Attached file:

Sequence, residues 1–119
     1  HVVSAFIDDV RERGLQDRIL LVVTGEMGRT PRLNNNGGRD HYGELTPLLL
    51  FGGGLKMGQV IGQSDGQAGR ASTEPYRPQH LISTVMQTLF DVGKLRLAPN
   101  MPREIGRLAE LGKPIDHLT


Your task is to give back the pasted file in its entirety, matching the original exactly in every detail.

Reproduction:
Sequence, residues 1–119
     1  HVVSAFIDDV RERGLQDRIL LVVTGEMGRT PRLNNNGGRD HYGELTPLLL
    51  FGGGLKMGQV IGQSDGQAGR ASTEPYRPQH LISTVMQTLF DVGKLRLAPN
   101  MPREIGRLAE LGKPIDHLT